I read the article by Tessler1,et al.  and the accompanying editorial2with great interest, and applaud the investigation of such a controversial topic. Although the results presented in this study are novel with regards to increased litigation and severity of injury in anesthesiologists older than age 65, the concept of a decline in up-to-date knowledge in older physicians is not new. Studies evaluating the relationship between clinical knowledge and experience have demonstrated that the decline in knowledge seen in older physicians is associated with a decrease in quality of care.*

Day et al.  3demonstrated that older physicians performed as well as their younger counterparts on examinations as long as the questions were directed at knowledge that had not changed since they were trained. Older individuals tend to rely on prior experience and pattern recognition, and have less of a tendency to incorporate new information into patient care.4Studies have shown that fluid intelligence (the art of reasoning) shows an age-related decline, whereas intelligence that is already solidified shows little effect with aging.4This continued incorporation of antiquated knowledge may lead to inaccurate decision making, diagnosis, and treatment.

Choudry5,et al.  found a negative association between length of time of practice (experience) or physician age and decreased factual knowledge, performance, and possibly poorer patient outcome. In addition, older physicians were less likely to adhere to agreed-upon standards of practice. Czaja6surveyed physicians to assess adherence to guidelines for cancer screening endorsed by the American Cancer Society and the National Cancer Institute. Physicians more than 20 yr out from primary certification were less likely to follow recommended practices.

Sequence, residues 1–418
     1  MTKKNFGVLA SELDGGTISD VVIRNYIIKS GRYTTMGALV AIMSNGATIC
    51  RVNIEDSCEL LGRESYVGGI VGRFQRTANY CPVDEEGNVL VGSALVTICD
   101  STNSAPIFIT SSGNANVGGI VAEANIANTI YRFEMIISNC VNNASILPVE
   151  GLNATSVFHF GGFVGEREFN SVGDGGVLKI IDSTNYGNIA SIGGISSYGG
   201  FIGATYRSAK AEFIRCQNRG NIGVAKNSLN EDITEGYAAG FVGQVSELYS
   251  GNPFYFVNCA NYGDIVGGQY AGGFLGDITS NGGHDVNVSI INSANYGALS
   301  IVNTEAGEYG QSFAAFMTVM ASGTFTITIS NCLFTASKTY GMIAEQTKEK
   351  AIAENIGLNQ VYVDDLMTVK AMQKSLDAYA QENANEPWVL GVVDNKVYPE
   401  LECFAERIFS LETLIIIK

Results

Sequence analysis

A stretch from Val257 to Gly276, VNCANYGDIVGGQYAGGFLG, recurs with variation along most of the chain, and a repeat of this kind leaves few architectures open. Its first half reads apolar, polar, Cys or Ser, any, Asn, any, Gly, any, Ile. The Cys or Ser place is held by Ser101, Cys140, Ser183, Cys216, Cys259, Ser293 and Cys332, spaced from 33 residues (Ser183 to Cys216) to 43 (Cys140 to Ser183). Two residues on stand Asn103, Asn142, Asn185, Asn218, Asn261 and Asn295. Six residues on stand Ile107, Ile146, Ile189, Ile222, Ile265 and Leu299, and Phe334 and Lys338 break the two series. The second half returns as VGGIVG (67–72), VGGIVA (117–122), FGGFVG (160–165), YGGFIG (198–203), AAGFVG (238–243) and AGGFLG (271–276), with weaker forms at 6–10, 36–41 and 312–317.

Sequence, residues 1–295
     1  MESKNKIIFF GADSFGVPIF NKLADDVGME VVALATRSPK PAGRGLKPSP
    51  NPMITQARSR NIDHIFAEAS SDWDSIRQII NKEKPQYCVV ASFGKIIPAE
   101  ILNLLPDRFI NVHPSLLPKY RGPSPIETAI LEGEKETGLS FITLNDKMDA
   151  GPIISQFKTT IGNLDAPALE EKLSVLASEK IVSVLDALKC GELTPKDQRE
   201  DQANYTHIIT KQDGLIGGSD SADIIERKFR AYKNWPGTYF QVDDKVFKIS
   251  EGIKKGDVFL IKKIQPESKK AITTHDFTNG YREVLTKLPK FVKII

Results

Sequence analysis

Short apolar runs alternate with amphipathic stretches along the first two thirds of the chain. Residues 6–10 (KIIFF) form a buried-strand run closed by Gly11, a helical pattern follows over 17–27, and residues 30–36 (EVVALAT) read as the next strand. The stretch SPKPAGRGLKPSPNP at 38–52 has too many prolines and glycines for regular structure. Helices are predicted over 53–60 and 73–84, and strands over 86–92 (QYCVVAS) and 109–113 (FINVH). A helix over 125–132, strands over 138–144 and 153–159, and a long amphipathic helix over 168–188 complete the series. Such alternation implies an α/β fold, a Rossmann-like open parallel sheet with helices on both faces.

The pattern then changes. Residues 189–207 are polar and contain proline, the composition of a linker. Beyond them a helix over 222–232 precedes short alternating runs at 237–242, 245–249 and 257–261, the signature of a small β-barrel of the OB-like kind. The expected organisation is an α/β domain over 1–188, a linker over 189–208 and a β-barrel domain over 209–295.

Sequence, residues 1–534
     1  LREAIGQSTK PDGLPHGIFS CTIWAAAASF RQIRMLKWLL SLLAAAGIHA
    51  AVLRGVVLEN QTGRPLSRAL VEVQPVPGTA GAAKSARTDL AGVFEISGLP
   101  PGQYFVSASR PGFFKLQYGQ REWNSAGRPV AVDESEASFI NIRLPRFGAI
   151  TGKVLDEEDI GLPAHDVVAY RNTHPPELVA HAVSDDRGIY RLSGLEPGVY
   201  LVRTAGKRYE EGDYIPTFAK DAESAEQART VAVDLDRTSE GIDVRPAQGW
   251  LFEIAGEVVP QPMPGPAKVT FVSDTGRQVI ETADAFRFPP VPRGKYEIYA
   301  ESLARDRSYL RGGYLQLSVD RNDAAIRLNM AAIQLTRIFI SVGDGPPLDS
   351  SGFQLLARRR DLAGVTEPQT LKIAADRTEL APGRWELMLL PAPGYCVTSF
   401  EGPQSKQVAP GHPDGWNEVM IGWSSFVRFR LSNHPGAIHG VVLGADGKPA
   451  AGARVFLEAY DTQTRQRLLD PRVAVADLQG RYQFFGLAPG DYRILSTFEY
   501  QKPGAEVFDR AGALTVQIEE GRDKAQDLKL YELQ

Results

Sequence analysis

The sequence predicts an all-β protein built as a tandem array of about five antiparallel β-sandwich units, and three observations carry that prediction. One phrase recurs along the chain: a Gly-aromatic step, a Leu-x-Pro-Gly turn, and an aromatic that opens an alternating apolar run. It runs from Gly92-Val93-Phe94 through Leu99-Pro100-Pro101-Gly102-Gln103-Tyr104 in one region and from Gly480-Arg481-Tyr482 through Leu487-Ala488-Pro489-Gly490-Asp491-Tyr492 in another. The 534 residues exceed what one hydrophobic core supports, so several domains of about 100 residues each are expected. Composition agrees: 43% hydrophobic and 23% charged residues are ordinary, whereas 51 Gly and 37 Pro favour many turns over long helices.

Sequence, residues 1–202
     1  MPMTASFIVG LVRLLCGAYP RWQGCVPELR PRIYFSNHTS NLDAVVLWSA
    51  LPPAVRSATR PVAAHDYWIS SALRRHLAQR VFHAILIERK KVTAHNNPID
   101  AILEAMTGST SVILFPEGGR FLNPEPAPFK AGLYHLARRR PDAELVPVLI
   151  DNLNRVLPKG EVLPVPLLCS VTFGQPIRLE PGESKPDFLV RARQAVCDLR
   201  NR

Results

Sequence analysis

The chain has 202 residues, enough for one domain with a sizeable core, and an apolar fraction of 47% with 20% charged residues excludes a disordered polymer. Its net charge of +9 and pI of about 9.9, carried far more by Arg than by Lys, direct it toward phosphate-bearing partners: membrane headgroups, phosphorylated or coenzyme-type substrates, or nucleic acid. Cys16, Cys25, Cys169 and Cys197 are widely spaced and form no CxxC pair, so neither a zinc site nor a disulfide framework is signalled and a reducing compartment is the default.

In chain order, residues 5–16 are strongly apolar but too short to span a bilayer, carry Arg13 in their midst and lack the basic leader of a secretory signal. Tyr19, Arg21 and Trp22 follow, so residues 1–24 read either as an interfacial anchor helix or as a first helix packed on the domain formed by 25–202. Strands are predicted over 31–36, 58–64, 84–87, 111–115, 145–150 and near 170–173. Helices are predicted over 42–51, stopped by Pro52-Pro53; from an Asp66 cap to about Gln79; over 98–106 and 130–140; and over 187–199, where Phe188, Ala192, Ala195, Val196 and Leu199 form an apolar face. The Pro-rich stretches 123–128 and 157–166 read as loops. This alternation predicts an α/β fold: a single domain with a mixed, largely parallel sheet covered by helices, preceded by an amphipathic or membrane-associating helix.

The literature is replete with studies demonstrating declines in both knowledge and skill in the aging physician. Data demonstrate that physicians further away from their initial certification are in most need of nonself-made assessment.7Tessler et al. , through their thoughtful and courageous study, have now added important new concerns regarding the aging physician.

Perhaps the most controversial question that still remains unanswered, given abundant data to the contrary, is why the “grandfather status” remains? It is an honor and a privilege to have no defined retirement age in medicine. The American Board of Anesthesiology instituted the Maintenance of Certification Exam in 1999 expressly for the purpose of encouraging lifelong learning, improving the quality of physicians, and improving the quality of patient care. Allowing certain individuals, possibly those in most need of more “tailored educational experiences,”2to be exempt from having to participate in the Maintenance of Certification Exam process serves only to add question and skepticism to the validity of the entire recertification process.

Banner Thunderbird Hospital, Glendale, Arizona, and Valley Anesthesiology Consultants, Phoenix, Arizona. thaddad2@cox.net

Tessler MJ, Shrier I, Steele RJ. Association between anesthesiologist age and litigation. Anesthesiology. 2012;116:574–9
Warner MA. More than just taking away the keys away Anesthesiology. 2012;116:501–3
Day SC, Norcini JJ, Webster GD, Viner ED, Chirico AM. The effect of changes in medical knowledge on examination performance at the time of recertification. Res Med Educ. 1988;27:139–44
Eva KW. The aging physician: Changes in cognitive processing and their impact on medical practice. Acad Med. 2002;77:S1–6
Choudhry NK, Fletcher RH, Soumerai SB. Systematic review: The relationship between clinical experience and quality of health care. Ann Intern Med. 2005;142:260–73
Czaja R, McFall SL, Warnecke RB, Ford L, Kaluzny AD. Preferences of community physicians for cancer screening guidelines. Ann Intern Med. 1994;120:602–8
Davis DA, Mazmanian PE, Fordis M, Van Harrison R, Thorpe KE, Perrier L. Accuracy of physician self-assessment compared with observed measures of competence: A systematic review. JAMA. 2006;296:1094–102